Tag: oil and gas lease

25Oct
Mystery Solved! 100+ Year Old Instrument Ruled to be a Mineral Deed

100+ Year-Old Title Dispute: Instrument Ruled a Mineral Deed, Not a Lease

Think your early chain of title has been cured by the passage of time?  As this recent case shows, even 100+ year-old instruments can be the subject of new disputes. The Tyler Court of Appeals, in Richardson v. Mills [1] Richardson v. Mills, 12-15-00170-CV, 2016 WL 5800261 (Tex. App.—Tyler Oct. 5, 2016, no. pet. h.)   recently reviewed whether a 100+ year-old instrument was a lease or a mineral deed, and the effect of a release entered approximately two years later.

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13Jan

Texas: Statutory Subordination of Mortgages

Texas House Bill 2207, effective January 1, 2016, statutorily subordinates certain real estate mortgages to oil and gas leases, introducing an interesting tweak to the long-standing and well-established “first in time, first in right” rule. However, this statute is not without its limitations. For example, it only applies to foreclosure sales for which the foreclosure notice occurs or the judicial foreclosure action commences on or after January 1, 2016. Additionally, the statute goes on to clarify that, although the lease is to survive the foreclosure, the right to use the surface estate may be terminated and extinguished by the foreclosure to the extent the security interest had priority over the lessee. If you are doing a foreclosure search to find your next property, read further to see how things happen in Texas.

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19Aug

Texas Court: Lessee May Not Exclude Other Lessees from Constructing Surface Facilities Or Drilling Through Mineral Estate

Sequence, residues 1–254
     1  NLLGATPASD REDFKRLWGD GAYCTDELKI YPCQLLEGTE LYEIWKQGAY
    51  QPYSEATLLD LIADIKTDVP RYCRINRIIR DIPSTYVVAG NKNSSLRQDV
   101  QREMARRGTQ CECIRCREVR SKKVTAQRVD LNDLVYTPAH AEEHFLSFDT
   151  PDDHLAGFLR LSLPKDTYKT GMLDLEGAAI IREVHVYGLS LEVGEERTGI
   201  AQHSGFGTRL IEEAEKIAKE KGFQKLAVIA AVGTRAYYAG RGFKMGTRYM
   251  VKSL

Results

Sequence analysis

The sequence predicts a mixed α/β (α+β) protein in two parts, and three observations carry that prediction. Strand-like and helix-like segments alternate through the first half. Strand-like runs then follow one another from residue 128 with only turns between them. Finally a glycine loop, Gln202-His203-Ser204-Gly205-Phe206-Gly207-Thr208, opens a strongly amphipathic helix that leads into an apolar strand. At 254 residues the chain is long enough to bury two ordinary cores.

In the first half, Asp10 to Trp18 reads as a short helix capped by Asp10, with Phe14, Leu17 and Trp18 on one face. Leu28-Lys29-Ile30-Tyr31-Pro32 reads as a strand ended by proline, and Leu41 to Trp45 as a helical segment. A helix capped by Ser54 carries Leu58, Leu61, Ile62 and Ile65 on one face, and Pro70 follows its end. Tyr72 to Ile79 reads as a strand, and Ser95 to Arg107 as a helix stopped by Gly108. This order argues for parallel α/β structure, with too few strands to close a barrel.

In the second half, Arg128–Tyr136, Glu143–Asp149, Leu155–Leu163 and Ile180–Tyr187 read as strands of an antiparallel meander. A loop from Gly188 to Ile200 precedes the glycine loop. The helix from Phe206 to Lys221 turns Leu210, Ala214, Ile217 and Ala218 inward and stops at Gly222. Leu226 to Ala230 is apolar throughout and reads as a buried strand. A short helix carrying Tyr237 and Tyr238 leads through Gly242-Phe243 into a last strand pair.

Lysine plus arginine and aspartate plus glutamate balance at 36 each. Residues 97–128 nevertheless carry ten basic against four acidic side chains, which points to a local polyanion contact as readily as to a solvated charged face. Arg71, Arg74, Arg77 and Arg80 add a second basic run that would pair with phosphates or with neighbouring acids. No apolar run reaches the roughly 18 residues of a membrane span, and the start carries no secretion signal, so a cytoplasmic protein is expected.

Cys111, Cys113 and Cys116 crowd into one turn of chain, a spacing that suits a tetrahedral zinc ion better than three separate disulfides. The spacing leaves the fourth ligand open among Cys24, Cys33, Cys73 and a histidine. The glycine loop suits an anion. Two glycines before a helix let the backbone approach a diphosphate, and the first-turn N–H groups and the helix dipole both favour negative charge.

The San Antonio Court of Appeals, in Lightning Oil Co. v. Anadarko E&P Onshore, LLC, [1] Opinion not yet published, San Antonio Court of Appeals (4th Dist.), August 19, 2014.  held that a Texas oil and gas lease does not inherently convey a right for the lessee to control the “subterranean structures” from which hydrocarbons may be produced.  As a result, the court held that the mineral lessee of a severed mineral estate did not have the right to exclude third-parties from constructing surface facilities on the surface overlying the lessee’s mineral estate and/or exclude third-parties from drilling wells through (but was not producing from) the lessee’s mineral estate.  The Lightning court identified the “central question” as being the nature of Lightning Oil Co.’s (“Lightning”) interest as a mineral lessee.  After reviewing cases from its own court and the Texas Supreme Court, among others, the Lightning court concluded that the surface estate owner, not the mineral estate owner, controls the earth beneath the surface estate. Read More »

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© Copyright 2012-2018, McGinnis Lochridge LLP. All Rights Reserved. DISCLAIMER: The information in this article is for general information purposes only. This article should not be substituted for legal advice and should not be taken as legal advice for any individual case or situation. This information is not intended to create, and receipt or reading this article does not constitute, an attorney-client relationship. You are encouraged to contact an attorney for legal advice concerning the information provided in this article.
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